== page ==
‘Iranian Kurds Won’t Go for Secession If Their Rights, Demands Realized’

Sadegh Zibakalam

A senior political commentator believes there will be no reason for Iranian Kurds to go for secession if their rights are respected and their demands met.

One week on since the contentious plebiscite on the secession of the Kurdistan region form Iraq, the move continues to draw local and international reaction. In the latest development, Saad al-Hadisi, the spokesman for Iraqi Prime Minister Haider al-Abadi, has announced that Kurdistan must first annul the outcome of the referendum, which runs counter to the Constitution, and enter into serious negotiations in order to boost Iraq’s territorial integrity. On the other hand, it is said that US Secretary of State Rex Tillerson, in a statement, described the result of the plebiscite as unacceptable and illegitimate.

Although authorities of the Kurdistan region have underlined their right to self-determination and described it as a prelude to the resumption of talks with Baghdad, many experts believe that an irreversible trend has begun in northern Iraq and that the process can get entangled with other crises in the Middle East to trigger new conflicts in the region.

Accordingly, our country’s officials have voiced concern over the possible secession of Kurdistan from Iraq and called for a settlement of the issue through political processes. Nevertheless, on the other hand, some academic and expert circles in the country have adopted different positions on the referendum so far and even believe the establishment of an independent country called Kurdistan will serve Iran’s strategic interests in the long run.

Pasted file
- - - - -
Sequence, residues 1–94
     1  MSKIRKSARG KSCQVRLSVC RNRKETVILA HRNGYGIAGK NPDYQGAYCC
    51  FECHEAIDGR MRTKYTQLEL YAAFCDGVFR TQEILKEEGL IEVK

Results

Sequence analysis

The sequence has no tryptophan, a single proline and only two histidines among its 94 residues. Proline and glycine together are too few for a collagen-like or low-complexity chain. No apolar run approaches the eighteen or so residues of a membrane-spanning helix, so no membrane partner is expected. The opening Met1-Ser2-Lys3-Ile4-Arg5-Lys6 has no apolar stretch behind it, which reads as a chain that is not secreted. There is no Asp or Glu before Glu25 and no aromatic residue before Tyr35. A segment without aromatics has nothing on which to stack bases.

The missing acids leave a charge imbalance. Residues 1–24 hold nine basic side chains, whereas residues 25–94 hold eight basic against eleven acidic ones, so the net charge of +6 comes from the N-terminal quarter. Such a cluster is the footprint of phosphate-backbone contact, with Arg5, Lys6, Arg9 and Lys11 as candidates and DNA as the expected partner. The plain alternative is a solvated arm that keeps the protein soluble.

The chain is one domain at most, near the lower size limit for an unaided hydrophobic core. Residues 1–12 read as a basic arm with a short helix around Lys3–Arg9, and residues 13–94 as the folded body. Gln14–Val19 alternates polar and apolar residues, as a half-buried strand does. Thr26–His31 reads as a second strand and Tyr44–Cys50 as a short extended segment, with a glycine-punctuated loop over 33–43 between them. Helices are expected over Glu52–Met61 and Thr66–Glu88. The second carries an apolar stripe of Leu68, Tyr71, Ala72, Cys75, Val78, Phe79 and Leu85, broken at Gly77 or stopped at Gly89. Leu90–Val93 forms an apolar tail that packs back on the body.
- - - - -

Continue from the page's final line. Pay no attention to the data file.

Accordingly, political commentator and academic Sadeq Zibakalam has, in a Farsi article published on Ebtekar newspaper, weighed in on the latest developments pertaining to the controversial referendum on the secession of the Kurdistan region from Iraq. Explaining the current and historical situation of the Middle East, he has expressed his view on what should be done to allay the concerns in Iran over the issue. He says adopting a heavy-handed approach on the issue will work for a short time only, and that Iraqi Kurds will continue to sept toward independence once the situation is right.

 

History Cannot Be Ignored

This professor of political sciences says his stances on the Kurdistan referendum has drawn strong opposition from the conservative camp in Iran.

“I think it would be difficult to insist on democratic and independence-seeking stances. Regrettably, conservatives’ opposition to the plebiscite in Kurdistan is understandable. I believe the right to self-determination should be recognized. Civil rights are not simply a charter with beautiful words, but forms the basis for the right to self-determination. If we do not recognize this right for Kurds in Iraq, then it is not clear what civil rights would mean.”

 

The question is whether Iran, Turkey, the US, the European Union and even Israel can express their views on the issue of Kurdistan’s independence. I believe “no.” It is only the Kurdish people in Iraq that can decide about their future. Another point is that what we know as Iraq, Syria or Jordan today are all countries which are the result of the Sykes–Picot Agreement at the end of World War I and the collapse of the Ottoman empire. None of the current borders existed before the first World War, so we cannot say the Kurdistan has always been part of historical Iraq.